A study initiated by SMART shows that the volume of passenger cars would also be significantly reduced: Using numerous simulations, which included route optimization algorithms and data on vehicle movements in Singapore, the researchers were able to determine that autonomous car sharing services would make it possible to reduce the country’s car population in private and public transport by more than half from the current 800,000 to 300,000. This would be possible if Singaporeans were to switch completely to such sharing services, assuming an average waiting time of less than 15 minutes during peak hours.
TÜV SÜD and BMW Group involved in development of test standards in Singapore
There is also the matter of first fulfilling the technical requirements for the large-scale use of autonomous vehicles. Autonomous vehicles must be safe for users and pedestrians and protected from the danger of cyberattacks before they can be used. This is the subject of feverish research.
In order to ascertain if the developments are suitable for the market, Singapore has the Centre of Excellence for Testing and Research of Autonomous Vehicles – CETRAN for short. The initiative is led by Nanyang Technology University (NTU Singapore) and TÜV SÜD from Munich. Further partners of the project are the Land Transport Authority of Singapore (LTA) and the Future Mobility Research Lab – a BMW Group research facility. The aim is to develop test standards for self-propelled cars in conurbations, and thus create the basis for the nationwide use of AVs in the next 10 to 15 years. TÜV SÜD’s current key task is to conduct functional technology testing and to check it for feasibility in simulated traffic conditions. “An autonomous vehicle has to master these traffic situations, which we call ‘safety cases’, so as to receive approval for road traffic in Singapore,” explains Dr. Houssem Abdellatif, Global Head of Autonomous and Connected Driving, at TÜV SÜD. “In other words, we develop the ‘safety cases’ and specify how a car has to act to ensure safety. So, step by step, a set of rules is evolving that will result in a standardised approval procedure.” What sounds simple, however, has its pitfalls. “The challenge lies in defining criteria for the approval of an autonomous vehicle today, despite the fact that the entire product does not as yet exist in a mass-producible form. As a consequence, we are not in a position to draw on any experience”, says Dr. Abdellatif.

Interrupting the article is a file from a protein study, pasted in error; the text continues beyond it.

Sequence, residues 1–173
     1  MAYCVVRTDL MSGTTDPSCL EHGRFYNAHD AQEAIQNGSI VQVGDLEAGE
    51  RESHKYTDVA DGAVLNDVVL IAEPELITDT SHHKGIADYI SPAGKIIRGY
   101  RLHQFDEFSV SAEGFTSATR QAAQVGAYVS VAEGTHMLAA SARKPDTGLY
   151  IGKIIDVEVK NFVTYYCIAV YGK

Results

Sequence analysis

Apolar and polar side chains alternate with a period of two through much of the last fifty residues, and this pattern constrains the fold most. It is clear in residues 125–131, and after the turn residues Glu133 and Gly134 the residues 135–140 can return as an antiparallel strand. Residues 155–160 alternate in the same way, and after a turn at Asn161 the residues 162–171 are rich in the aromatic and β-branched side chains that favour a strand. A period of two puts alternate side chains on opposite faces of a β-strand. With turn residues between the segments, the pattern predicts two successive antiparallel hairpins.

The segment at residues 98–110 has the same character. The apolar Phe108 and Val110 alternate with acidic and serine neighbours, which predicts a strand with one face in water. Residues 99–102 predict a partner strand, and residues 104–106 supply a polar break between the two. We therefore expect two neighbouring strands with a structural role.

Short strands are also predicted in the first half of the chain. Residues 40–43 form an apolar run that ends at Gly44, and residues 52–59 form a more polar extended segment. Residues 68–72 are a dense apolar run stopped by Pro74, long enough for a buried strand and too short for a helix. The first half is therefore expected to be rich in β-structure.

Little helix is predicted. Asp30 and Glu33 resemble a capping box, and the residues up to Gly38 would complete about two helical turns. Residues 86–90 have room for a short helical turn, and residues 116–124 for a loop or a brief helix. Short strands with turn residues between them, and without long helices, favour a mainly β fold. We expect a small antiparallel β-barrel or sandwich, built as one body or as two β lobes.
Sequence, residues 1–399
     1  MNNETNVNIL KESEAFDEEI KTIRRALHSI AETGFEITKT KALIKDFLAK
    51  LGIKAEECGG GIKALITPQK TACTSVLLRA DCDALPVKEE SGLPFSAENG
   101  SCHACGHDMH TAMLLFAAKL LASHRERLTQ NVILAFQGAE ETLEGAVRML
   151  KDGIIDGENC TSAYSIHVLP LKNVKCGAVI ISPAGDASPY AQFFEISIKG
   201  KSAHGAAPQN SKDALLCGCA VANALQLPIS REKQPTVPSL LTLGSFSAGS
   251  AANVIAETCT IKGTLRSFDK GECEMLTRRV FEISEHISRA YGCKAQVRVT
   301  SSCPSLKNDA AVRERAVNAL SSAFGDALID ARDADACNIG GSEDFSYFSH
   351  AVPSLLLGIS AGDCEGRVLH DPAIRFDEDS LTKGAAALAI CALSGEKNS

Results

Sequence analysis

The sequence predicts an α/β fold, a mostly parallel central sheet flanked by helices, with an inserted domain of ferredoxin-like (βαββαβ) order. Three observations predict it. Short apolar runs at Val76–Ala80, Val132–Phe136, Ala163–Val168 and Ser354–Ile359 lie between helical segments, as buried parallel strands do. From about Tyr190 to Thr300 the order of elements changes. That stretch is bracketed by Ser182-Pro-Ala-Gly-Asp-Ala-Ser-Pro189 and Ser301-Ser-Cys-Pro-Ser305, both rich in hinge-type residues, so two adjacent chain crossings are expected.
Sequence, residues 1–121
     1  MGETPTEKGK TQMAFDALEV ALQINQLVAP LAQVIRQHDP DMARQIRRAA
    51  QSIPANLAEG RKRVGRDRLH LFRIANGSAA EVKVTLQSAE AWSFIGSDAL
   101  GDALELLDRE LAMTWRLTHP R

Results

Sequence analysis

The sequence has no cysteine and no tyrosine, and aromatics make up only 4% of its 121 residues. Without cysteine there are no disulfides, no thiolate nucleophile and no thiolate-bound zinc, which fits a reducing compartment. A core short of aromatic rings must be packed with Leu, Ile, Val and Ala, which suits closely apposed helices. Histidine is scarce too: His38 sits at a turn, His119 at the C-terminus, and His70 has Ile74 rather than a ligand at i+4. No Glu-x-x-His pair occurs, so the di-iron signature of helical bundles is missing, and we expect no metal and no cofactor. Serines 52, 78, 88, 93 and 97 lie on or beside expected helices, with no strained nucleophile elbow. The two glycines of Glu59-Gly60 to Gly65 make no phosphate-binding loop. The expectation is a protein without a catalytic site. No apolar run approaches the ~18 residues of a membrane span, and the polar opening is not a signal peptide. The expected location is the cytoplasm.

Ideal framework conditions ensure rapid progress
To ensure that this succeeds swiftly, Singapore is providing extraordinarily favourable framework conditions. In addition to financial support, this includes, above all, accelerated approval procedures so that the tests can be put on the road quickly with minimum effort. “What is more, we have our own CETRAN test site, built next to the NTU and equipped with smart traffic lights, etc.”, Dr. Abdellatif adds. “We can directly test the vehicles located there. This means we can validate the simulated ‘safety cases’ here in reality – with real cars on real roads.”
Experts expect that self-propelled cars, buses and delivery vans will spread on our roads in Germany in 2050 and that commuter traffic will be relieved by special offers. In Singapore, things should go much faster.